May 22, 2019The recent anniversaries of Global Internet of Things (IoT) Day and the introduction of Moore's Law reminded us of the significance these events represent for the advanced materials science field and the progress our industry has made in recent years. Both these milestones highlight the semiconductor industry's ability to achieve things that previously could only be imagined. But while these milestones serve to spotlight industry advancements and mark the exciting future that lies ahead, this also serves as a time for reflection about what still needs to be done for further advancements to truly take hold.
We are in the midst of the Fourth Industrial Revolution (Industry 4.0), a digital transformation fueled by the demand for modern technologies, including artificial intelligence, robotics, autonomous vehicles and the IoT. This transformation is an opportunity not only for the semiconductor industry, but for manufacturers, transporters, suppliers and consumers. Industry 4.0 will undoubtedly change the way we think, the way we innovate and, ultimately, the way we live.
Although this presents an immense and exciting opportunity for the semiconductor industry, there are many accompanying critical challenges, especially for semiconductor fabs and advanced materials science manufacturers that are racing to keep up with the ever-changing demands IoT devices and related applications require. Industry 4.0 places a greater dependency on the IoT and smart devices that generate more and more data to be processed and stored.
As devices proliferate the market, so does the demand for high-performance and reliable semiconductor chips. According to a study from Seagate and IDC, the volume of global data will increase 10 times to 163 zettabytes (one trillion gigabytes) by 2025. This will lead to a higher demand for integrated chips (ICs) as data storage, analysis and process will play an even more crucial role in IoT infrastructure.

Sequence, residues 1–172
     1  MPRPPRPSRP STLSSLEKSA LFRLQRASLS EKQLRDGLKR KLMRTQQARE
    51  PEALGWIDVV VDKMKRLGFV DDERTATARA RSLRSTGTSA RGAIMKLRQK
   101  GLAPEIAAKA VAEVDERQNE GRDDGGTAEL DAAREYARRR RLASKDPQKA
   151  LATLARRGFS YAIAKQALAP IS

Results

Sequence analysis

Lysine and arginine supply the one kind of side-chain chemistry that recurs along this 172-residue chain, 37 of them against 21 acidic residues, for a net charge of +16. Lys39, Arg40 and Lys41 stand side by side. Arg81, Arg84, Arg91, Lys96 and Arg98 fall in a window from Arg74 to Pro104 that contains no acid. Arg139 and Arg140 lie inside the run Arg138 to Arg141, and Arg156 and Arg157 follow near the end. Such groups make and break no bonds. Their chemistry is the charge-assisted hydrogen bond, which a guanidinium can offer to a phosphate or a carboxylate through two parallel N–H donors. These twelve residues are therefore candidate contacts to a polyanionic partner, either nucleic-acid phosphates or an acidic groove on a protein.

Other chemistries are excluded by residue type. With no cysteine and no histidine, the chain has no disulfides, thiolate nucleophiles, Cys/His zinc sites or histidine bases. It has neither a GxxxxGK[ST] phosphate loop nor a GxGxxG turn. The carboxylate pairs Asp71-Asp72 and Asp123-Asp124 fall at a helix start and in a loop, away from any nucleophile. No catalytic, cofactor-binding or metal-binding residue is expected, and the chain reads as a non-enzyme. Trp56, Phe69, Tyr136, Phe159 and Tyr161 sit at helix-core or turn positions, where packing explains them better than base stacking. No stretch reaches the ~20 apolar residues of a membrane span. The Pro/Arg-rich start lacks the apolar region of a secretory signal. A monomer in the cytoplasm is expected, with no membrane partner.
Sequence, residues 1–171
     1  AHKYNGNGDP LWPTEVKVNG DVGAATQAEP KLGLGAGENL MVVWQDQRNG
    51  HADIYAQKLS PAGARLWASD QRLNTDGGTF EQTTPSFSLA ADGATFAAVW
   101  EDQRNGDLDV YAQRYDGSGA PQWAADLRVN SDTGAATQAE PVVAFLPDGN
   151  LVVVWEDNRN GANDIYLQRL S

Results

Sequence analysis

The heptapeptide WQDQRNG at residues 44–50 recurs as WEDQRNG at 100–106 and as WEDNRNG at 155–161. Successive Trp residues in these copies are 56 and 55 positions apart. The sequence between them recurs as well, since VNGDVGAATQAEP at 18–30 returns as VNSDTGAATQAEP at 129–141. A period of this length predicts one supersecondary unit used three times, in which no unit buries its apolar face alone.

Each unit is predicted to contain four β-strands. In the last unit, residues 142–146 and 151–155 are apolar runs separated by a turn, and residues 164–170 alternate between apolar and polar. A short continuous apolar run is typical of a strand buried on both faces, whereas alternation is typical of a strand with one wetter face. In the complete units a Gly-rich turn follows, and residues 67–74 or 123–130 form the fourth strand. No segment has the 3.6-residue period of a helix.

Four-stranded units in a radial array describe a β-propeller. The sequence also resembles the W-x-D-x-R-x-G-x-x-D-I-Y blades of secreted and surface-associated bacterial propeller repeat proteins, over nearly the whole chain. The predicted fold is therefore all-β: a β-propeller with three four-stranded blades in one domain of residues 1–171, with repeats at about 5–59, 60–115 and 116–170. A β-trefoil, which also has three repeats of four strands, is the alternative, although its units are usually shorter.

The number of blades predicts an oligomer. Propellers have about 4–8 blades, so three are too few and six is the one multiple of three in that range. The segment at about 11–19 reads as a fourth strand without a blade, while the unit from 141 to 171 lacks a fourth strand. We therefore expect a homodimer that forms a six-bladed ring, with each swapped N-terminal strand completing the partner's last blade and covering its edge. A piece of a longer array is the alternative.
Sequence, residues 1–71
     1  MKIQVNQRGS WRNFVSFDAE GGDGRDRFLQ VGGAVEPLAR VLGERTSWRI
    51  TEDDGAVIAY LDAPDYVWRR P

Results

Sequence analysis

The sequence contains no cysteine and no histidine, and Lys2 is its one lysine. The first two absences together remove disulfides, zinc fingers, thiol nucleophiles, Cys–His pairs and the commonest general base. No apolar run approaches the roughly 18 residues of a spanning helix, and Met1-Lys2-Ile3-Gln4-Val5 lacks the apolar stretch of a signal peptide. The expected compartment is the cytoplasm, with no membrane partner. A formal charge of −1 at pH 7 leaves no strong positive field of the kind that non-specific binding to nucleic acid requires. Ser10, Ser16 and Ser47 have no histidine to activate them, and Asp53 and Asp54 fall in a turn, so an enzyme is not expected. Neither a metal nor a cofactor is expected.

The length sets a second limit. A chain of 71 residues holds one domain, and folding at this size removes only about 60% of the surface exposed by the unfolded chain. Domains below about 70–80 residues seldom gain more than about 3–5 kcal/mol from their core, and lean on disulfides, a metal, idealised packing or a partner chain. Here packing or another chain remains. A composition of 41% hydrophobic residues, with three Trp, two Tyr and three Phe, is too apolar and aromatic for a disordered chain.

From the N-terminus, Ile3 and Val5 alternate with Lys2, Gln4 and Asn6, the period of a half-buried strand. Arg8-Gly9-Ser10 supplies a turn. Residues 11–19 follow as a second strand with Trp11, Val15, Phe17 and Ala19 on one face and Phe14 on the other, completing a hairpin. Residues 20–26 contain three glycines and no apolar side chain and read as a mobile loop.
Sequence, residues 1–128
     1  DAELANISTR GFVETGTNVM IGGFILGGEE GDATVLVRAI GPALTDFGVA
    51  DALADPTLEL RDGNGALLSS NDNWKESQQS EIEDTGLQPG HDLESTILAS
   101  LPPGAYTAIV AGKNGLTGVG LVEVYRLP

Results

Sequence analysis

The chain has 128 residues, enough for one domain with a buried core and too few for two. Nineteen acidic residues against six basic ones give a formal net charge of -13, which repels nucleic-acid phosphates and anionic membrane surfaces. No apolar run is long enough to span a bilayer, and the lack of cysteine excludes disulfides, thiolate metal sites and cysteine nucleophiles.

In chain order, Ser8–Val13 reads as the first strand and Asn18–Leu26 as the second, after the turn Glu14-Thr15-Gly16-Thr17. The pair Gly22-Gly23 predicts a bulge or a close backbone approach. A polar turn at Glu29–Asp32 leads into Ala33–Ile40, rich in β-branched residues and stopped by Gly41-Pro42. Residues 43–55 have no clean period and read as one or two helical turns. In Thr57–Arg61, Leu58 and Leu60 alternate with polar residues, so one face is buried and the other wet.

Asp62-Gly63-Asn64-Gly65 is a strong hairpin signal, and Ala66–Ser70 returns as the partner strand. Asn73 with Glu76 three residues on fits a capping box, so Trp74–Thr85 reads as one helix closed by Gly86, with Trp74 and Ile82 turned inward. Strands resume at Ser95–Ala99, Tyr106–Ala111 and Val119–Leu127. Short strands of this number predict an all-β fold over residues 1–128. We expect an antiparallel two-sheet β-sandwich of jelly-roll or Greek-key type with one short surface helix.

Gartner forecasts that by 2022, automobiles will require nearly 50 percent more semiconductors as cars become cleaner, more automated and more connected. With this increased chip demand, the semiconductor industry must develop advanced sensors, communication modules, high-speed connectivity and powerful data-processing capabilities—all with greater precision and quicker manufacturing times than ever before. Without the ability to create, purify and safely transport specialty materials at high yield, innovation cycles will fall behind, while chip reliability and speed will be compromised.
5G networks are coming to fruition with the promise of the capability to transfer large amounts of data 100 to 200 times faster than with 4G LTE. However, for the true value of 5G to be realized, various components of the IoT infrastructure, such as processors, modems and logic chips, will need increased memory output and higher performance to sustain the next-gen applications of the future.
The advanced materials science required to turn semiconductor materials into high-performance ICs is critically dependent on sophisticated expertise that few companies in the world possess. As we see greater and more rapid technological innovation in the coming years, there will be an even larger demand for semiconductor manufacturers and their advanced materials science vendors to achieve success.
Jim O'Neill is the chief technology officer at Entegris, where he leads global development efforts in new material solutions for the industry's most challenging issues. With more than 23 years of leadership and management experience in semiconductor research, development and manufacturing, Jim has held positions at ATMI, which was acquired by Entegris in 2014, and IBM. Jim earned a Ph.D. degree in physical chemistry at Columbia University and a bachelor's degree in chemistry from Yale University.